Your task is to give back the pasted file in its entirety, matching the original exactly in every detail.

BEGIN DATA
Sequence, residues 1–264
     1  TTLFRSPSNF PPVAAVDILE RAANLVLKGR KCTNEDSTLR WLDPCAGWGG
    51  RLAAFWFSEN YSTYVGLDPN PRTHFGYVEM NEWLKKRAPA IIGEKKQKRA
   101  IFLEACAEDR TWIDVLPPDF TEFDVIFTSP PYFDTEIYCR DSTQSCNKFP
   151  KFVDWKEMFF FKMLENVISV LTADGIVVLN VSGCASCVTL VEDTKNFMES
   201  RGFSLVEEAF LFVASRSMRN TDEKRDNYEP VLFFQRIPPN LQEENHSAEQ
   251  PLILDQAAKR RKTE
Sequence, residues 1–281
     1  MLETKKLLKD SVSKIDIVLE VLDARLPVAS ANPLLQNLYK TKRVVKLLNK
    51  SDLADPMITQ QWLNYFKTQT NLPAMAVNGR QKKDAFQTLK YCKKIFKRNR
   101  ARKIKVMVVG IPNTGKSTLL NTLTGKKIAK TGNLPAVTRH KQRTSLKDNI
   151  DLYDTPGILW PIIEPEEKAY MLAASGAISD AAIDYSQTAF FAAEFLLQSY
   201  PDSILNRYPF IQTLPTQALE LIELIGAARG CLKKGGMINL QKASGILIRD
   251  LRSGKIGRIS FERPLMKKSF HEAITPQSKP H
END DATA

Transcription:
Sequence, residues 1–264
     1  TTLFRSPSNF PPVAAVDILE RAANLVLKGR KCTNEDSTLR WLDPCAGWGG
    51  RLAAFWFSEN YSTYVGLDPN PRTHFGYVEM NEWLKKRAPA IIGEKKQKRA
   101  IFLEACAEDR TWIDVLPPDF TEFDVIFTSP PYFDTEIYCR DSTQSCNKFP
   151  KFVDWKEMFF FKMLENVISV LTADGIVVLN VSGCASCVTL VEDTKNFMES
   201  RGFSLVEEAF LFVASRSMRN TDEKRDNYEP VLFFQRIPPN LQEENHSAEQ
   251  PLILDQAAKR RKTE
Sequence, residues 1–281
     1  MLETKKLLKD SVSKIDIVLE VLDARLPVAS ANPLLQNLYK TKRVVKLLNK
    51  SDLADPMITQ QWLNYFKTQT NLPAMAVNGR QKKDAFQTLK YCKKIFKRNR
   101  ARKIKVMVVG IPNTGKSTLL NTLTGKKIAK TGNLPAVTRH KQRTSLKDNI
   151  DLYDTPGILW PIIEPEEKAY MLAASGAISD AAIDYSQTAF FAAEFLLQSY
   201  PDSILNRYPF IQTLPTQALE LIELIGAARG CLKKGGMINL QKASGILIRD
   251  LRSGKIGRIS FERPLMKKSF HEAITPQSKP H